I’m going to tell her who’s in charge – you might think – and before you know it – years of pent up frustration and hurt ends up driving a wedge between you – or leading you to say things you later regret.
Nor is this fair. Neither is this helpful.

After all, we all want for our parents and in-laws to be part of the family unit. The key to good boundary setting is to set our boundaries as we go. This way we avoid having to settle a big bill after countless episodes of having bitten our tongue. Much like a deflating a balloon – you want to let the air out in little spurts so that the balloon doesn’t get out of control when you let the go.

4 signposts for effective boundary setting

Consider these 4 points when you want to set boundaries – whether your current tendency is to bite your tongue -or you often end up being too harsh.

  1. Acknowledge the positive intention.
    This can be difficult. And might require a bit of meditating. But your child means the world to his/her grandparent – so there is a good chance that whatever is said is well-intentioned (even if this doesn’t benefit you).

    “I know that you love our girls. And that you want the best for

    “I appreciate your concern”

    If we want our parents or in-laws to listen without defending or taking offence – it is crucial that we show that we can see the good intention.

  2. Rather than immediately defending – ask yourself; is there any truth to what they are saying?
    I know in my own parenthood that the less confident I feel the more triggering any remark or comment about my children will feel.

    In other words – consider how freeing it would feel to not defend but instead be able to acknowledge and own the fact that yes – there are things that you don’t currently know / have the skill set to handle / understand about yourself / child.

    This isn’t easy. Especially if you feel criticised. But try anyway to see if what they describe as a problem is a problem for you too. This doesn’t mean that you condone the way your parents / in-laws are addressing this – not does it mean that they necessarily have the right answer.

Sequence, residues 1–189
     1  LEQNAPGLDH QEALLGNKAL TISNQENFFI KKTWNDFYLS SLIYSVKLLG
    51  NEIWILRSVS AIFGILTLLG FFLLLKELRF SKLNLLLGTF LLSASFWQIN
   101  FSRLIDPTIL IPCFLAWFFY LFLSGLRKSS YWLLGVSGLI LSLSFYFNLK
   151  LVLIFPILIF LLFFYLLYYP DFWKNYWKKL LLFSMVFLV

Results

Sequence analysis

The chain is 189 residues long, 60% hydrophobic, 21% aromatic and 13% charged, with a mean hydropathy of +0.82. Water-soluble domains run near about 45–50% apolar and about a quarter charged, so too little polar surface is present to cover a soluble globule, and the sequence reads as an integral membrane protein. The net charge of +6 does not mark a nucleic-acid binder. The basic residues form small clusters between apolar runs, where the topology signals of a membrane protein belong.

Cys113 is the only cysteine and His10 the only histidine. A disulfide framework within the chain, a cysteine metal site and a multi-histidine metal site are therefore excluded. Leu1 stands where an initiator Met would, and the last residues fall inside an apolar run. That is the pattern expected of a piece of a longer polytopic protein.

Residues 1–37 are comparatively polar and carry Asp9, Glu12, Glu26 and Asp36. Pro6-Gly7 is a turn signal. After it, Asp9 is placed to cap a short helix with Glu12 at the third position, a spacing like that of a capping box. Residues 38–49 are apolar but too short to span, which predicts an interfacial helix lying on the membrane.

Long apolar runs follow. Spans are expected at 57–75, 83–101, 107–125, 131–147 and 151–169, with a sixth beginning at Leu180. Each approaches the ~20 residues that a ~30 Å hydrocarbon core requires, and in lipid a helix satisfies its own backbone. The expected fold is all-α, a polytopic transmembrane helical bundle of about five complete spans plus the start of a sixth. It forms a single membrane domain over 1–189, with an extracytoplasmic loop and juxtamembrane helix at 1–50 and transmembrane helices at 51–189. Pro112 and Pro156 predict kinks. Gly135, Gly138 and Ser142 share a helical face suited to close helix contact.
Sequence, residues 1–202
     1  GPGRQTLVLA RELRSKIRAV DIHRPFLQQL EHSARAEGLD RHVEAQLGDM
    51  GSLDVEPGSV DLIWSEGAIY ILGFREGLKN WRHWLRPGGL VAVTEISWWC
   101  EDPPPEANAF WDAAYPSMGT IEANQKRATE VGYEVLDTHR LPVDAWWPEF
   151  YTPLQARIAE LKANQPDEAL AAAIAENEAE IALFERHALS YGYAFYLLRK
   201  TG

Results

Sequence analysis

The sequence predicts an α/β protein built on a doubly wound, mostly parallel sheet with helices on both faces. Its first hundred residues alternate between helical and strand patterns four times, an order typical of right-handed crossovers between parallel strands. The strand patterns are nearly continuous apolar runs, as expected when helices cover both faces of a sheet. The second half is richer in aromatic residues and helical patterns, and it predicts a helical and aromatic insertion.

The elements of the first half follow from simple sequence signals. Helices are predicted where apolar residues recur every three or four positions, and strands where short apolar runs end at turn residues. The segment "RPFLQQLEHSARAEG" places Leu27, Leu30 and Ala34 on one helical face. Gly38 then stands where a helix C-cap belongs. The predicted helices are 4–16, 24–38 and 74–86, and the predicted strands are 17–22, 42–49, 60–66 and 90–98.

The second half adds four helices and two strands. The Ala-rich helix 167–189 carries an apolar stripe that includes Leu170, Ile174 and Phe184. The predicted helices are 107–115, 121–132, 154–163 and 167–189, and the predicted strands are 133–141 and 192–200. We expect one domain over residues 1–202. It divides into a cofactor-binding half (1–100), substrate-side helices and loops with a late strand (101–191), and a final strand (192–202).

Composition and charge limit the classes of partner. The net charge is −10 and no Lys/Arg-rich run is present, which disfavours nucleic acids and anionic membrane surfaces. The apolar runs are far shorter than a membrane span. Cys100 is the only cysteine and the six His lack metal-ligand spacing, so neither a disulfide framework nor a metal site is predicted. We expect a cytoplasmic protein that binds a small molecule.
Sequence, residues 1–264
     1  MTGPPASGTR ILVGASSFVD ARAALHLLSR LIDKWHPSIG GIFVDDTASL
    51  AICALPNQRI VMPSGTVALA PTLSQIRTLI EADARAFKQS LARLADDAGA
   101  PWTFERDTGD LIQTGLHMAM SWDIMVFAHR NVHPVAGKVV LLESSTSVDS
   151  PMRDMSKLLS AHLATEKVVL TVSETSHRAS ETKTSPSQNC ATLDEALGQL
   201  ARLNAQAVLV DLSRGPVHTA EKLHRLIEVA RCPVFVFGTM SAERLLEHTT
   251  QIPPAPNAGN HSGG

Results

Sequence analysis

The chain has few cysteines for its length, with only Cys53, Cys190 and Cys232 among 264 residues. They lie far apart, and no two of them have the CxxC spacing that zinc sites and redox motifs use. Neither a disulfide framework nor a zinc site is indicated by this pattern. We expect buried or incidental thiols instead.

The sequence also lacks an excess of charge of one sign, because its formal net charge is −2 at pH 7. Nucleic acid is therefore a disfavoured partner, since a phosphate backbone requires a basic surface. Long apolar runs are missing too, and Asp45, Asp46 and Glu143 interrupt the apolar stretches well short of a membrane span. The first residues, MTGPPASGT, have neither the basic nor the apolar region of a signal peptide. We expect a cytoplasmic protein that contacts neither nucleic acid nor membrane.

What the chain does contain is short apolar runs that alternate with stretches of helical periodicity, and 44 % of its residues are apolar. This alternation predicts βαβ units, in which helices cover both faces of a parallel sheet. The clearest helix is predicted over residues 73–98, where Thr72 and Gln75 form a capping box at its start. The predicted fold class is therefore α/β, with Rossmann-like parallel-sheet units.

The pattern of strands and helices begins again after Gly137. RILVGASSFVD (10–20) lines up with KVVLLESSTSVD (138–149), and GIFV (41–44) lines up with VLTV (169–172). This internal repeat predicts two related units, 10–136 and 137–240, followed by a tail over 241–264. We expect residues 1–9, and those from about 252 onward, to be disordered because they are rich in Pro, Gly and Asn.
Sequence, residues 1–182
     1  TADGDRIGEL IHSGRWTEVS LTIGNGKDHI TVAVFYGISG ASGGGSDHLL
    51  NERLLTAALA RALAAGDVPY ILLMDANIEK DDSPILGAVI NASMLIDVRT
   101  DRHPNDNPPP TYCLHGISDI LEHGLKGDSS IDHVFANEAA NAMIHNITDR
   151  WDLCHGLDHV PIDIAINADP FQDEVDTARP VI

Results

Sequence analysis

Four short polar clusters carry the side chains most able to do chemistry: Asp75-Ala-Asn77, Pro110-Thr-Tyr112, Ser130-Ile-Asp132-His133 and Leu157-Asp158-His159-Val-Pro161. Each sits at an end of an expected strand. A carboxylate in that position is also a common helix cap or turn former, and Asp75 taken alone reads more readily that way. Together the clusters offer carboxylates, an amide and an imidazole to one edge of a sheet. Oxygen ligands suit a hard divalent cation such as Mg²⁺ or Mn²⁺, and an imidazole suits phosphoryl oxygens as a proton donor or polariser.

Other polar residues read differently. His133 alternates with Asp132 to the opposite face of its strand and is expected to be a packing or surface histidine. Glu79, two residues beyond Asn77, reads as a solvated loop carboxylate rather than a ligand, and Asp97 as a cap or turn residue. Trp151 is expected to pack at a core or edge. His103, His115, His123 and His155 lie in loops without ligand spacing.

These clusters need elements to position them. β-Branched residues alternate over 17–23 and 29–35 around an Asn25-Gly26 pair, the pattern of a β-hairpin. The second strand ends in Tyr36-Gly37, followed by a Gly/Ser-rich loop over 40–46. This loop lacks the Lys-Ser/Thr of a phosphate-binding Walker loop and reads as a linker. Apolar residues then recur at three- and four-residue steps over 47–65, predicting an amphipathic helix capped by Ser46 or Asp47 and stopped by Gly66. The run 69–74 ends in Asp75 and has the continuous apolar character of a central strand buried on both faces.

3. Tell them how you feel about their input
    Nothing would be more convenient than doing what we always do when we feel hurt, disrespected and frustrated; say nothing and instead vent to our partner or go to the other extreme by setting harsh boundaries that lead to more conflict.

    This is the ‘either or’ / ‘black and white’ approach.
    And it’s an easy trap to fall into. Have you noticed how this rarely gets you to where you want to go? Because no one can take anything onboard when they’re being attacked. And for those of you who feel under attack by parents / parents-in-law you will know this all too well. Similarly, few of us are mind-readers – so saying nothing and instead harbouring resentment is not a viable solution either.

    If we would like to get to new places we will have to be willing to try new routes.

    A mutually respectful response could sound something like:

    “I don’t see it that way”
    “I / we look at it differently”
    “It doesn’t feel supportive for me when …”
    “I can see where you’re coming from.. but we believe this is the right way”

  4. What do you need from them going forward?